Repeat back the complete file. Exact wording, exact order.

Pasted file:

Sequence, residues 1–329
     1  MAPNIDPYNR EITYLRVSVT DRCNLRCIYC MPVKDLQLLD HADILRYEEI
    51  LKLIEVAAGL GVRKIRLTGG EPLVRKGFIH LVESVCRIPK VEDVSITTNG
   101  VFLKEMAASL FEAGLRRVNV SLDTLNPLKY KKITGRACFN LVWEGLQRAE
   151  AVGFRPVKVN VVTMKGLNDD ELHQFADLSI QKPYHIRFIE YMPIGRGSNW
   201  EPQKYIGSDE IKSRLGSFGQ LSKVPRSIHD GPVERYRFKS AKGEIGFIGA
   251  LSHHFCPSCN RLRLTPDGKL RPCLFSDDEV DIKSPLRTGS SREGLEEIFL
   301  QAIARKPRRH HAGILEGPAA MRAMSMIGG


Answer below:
Sequence, residues 1–329
     1  MAPNIDPYNR EITYLRVSVT DRCNLRCIYC MPVKDLQLLD HADILRYEEI
    51  LKLIEVAAGL GVRKIRLTGG EPLVRKGFIH LVESVCRIPK VEDVSITTNG
   101  VFLKEMAASL FEAGLRRVNV SLDTLNPLKY KKITGRACFN LVWEGLQRAE
   151  AVGFRPVKVN VVTMKGLNDD ELHQFADLSI QKPYHIRFIE YMPIGRGSNW
   201  EPQKYIGSDE IKSRLGSFGQ LSKVPRSIHD GPVERYRFKS AKGEIGFIGA
   251  LSHHFCPSCN RLRLTPDGKL RPCLFSDDEV DIKSPLRTGS SREGLEEIFL
   301  QAIARKPRRH HAGILEGPAA MRAMSMIGG